See that version there? It is going down, man! #2 (aka Everybody WYNNs)

by Michael S. Kaplan, published on 2007/07/31 19:12 -04:00, original URI: http://blogs.msdn.com/b/michkap/archive/2007/07/31/4154107.aspx


When I posted part one of this two part series, I should have guessed that Dean Harding would have a good answer:

Well, I'd say if the major version changes *either way* you should re-index.

If a minor version changes backwards, you probably have to re-index as well. Because otherwise, you basically have to re-index strings that *now* return FALSE for IsNLSDefinedString and you couldn't do that without scanning them all -- so you may as well just re-index everything.

To be honest, though, I don't see how you could have done anything differently. If you wanted to skip the "re-index on minor version decrement", I believe you would have to change IsNLSDefinedString so that it returned the minimum version that the string would have been defined in, and I can't imagine how big the data file would have to be to make that possible :-)

This is spot on correct -- either major or minor version changes would require you to re-index, and there really is no way around that without adding a whole bunch of metadata about the nature if the changes and/or Dean's suggestion (information about character age with the same weight). The only alternative would be if one had actual knowledge of the changes because one happened to be working there, or one happened to hear about the change.

For example -- and this is a not entirely contrived example as it may happen one day -- let's say that the prevailing practice in Sweden were to change along the lines I discussed in Why do we call w 'double u' -- doesn't it look more like a 'double v'? and the Swedish Academy's change to split W and V and give them both primary weights were picked up in some future version of Windows.

To be perfectly honest I expect it to happen eventually, though we could even be looking multiple versions into the future before it was generally expected by the public.

(I am actually curious how fast it will be in these modern times, and whether the inertia surrounding such updates will hold it back and if so for how long!)

Okay, so that is a major version change for sv-SE (0x041d) that may or may not apply to sv-FI (0x081d) and which definitely wouldn't apply to fi-FI (0x040b). But only a major version change in the NLS version, not the defined version -- since the repertoire is unchanged.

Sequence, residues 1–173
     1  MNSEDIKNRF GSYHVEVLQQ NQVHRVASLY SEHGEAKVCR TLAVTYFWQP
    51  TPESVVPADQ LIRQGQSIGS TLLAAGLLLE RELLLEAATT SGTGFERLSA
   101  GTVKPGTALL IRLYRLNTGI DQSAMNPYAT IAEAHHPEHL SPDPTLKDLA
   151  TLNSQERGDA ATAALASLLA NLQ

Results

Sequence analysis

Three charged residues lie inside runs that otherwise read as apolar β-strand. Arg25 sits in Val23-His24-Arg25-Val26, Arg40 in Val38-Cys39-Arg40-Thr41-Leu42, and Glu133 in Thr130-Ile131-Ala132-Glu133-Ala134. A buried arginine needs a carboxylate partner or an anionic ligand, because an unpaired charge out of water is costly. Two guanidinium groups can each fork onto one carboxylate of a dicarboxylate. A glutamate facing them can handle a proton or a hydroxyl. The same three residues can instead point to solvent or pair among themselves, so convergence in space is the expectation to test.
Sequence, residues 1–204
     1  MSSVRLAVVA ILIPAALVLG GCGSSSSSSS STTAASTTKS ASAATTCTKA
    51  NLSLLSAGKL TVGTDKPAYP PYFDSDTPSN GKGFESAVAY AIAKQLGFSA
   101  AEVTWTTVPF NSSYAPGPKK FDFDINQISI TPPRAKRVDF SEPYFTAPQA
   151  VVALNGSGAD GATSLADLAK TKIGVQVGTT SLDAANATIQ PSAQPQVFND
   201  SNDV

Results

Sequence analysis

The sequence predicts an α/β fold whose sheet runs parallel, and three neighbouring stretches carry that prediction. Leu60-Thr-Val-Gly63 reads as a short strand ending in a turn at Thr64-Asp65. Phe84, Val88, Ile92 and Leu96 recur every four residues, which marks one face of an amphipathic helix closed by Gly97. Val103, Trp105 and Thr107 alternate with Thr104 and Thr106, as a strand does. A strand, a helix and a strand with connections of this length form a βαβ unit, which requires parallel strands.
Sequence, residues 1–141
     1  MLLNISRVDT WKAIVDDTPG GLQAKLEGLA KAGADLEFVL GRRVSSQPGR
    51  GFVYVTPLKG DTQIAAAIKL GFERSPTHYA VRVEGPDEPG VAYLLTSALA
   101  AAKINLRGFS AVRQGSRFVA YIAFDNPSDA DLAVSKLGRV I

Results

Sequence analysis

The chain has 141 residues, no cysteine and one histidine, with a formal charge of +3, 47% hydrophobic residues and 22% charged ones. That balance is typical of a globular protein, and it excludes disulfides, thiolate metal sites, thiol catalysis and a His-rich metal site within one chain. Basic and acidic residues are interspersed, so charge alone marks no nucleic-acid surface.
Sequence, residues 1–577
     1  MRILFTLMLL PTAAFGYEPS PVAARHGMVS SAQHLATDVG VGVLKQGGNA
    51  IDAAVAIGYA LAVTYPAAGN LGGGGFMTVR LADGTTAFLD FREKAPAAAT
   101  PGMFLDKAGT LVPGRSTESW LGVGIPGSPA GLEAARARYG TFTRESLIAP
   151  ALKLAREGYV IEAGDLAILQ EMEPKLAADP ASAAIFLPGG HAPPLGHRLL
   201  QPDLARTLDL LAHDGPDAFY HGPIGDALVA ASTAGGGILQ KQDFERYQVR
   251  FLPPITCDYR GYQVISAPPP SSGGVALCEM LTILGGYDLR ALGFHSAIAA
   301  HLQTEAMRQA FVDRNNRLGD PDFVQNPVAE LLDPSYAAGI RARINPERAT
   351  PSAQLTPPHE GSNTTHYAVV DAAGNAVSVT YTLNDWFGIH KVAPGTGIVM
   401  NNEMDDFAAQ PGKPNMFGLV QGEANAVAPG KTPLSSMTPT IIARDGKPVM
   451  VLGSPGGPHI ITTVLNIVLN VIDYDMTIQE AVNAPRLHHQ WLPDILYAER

We have done it before (ref: The disunification of Norwegian and Danish sorting), so that part is no problem.

I am sure I'll even talk about it here, I may even know a bit of Swedish by then!

In this particular case though, even if that one specific locale (or two specific locales!) change, the change itself actually has no point in worrying about IsNLSDefinedString results since none of them would have changed (this kind of underscores the reason why IsNLSDefinedString results would not be useful!), but it may be worth scanning and only re-indexing strings that contain one of the following characters (these are the ones that move for this change in Swedish/Finnish, I don't know whether the WYNN would actually move in this case or not):

and not touching the rest. Glancing through at a few Swedish corpuses, I think from a performance standpoint it might be cheaper to approach it that way in such a case....

Now clearly this might not be typical. But on the other hand it might be, to strike the proper correctness/compatibility balance!

 

This post brought to you by ƿ (U+01bf, a.k.a. LATIN LETTER WYNN)


Dean Harding on 31 Jul 2007 8:01 PM:

That hyopthetical Swedish change is interesting. It's a bit of a chicken-and-egg problem really, isn't it? I mean, computers being as prevalent as they are, such a change could not be considered "mainstream" until computers sorted in the "new" way, but at the same time, Microsoft wouldn't want to update the Windows sort tables until the change becomes "widespread" on its own...

Michael S. Kaplan on 31 Jul 2007 8:11 PM:

Well, people start feeling more and more like the computers have it wrong, like happened with Norwegian/Danish -- how long that might take is a really interesting issue (one can compare it with spelling reform in France or other countries, or ORNL changes in Tamil, or other orthography and other changes that have happend over the last thirty years).

So not entirely chicken vs. egg, I think there is a way to move forward....


referenced by

2010/03/09 Coloring outside the lines in the a-ness of the Hungarian Technical Sort

2007/07/31 If this post really describes a bug, would I actually put it in the WYNN column?

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